“Unfortunately a lot of people see us as a glorified daycare, not realizing the potential impact that it could really make in a kid’s life. Well, I started going to the Jefferson Street club at 8 and it was there that I really found my voice and found a place where I was accepted and learned things and where other people besides my family cared about me and supported me.”
While attending the club gave Marvin a place to go while his mother was at work, the decision to start going there and find a positive path for his life was also driven by the unfortunate things that had happened in his brother’s life.
“My mom was a single parent with two boys,” Marvin said. “I have an older brother that’s six years older than me. Unfortunately at the age of 9 he began to get in trouble with the law, so we really never spent our childhood together because he was in and out of group homes and juvenile facilities, correctional facilities.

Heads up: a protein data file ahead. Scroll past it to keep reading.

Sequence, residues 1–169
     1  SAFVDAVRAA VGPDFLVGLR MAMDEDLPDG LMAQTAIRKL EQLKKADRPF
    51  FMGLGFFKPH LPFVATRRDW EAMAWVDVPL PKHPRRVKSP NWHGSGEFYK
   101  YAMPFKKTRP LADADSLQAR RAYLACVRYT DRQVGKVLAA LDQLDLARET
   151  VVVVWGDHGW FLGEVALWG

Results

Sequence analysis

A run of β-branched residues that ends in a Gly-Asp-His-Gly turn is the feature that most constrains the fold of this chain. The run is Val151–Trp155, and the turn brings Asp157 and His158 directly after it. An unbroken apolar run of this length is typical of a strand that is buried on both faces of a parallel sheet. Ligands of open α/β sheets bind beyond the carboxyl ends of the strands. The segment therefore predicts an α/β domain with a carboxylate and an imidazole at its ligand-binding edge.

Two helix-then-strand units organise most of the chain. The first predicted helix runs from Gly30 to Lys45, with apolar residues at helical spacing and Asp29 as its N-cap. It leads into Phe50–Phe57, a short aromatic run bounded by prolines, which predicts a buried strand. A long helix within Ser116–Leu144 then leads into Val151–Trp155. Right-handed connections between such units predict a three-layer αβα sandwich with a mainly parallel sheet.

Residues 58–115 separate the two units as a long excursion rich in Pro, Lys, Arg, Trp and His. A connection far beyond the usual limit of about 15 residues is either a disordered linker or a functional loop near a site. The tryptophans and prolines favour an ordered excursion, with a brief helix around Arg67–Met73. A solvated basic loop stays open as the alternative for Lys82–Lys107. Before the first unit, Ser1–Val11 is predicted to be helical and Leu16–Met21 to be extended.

“In fact, way before the current laws were on the books, my brother, at 16, was sent to prison. A juvenile court judge, Judge Phipps, just ruled that they had exhausted all of the resources in the juvenile court system and there was no other alternative but to send him to adult prison at 16.”
Despite feeling the pain of what happened to his brother, Marvin is humbled by it and sees that situation as an example of how God has worked in his life. And despite the inherent sadness that comes from seeing the things that happened in his brother’s life, he believes that his brother’s circumstances were a catalyst for the amazing things that have happened in his life.
“My brother, despite the things he’s gotten into, he’s always been my hero,” Marvin said with pride. “He’s very intelligent, but also, I almost feel like he sacrificed his life for me to learn what not to do.”
That Marvin credits his brother’s influence in helping him find his own path, was fitting, as the subject of mentors and people helping him along in his journey was huge part of our nearly hour and half discussion. Throughout our interview Marvin was keen to point all the individuals who have provided him with opportunities and protected him along the way.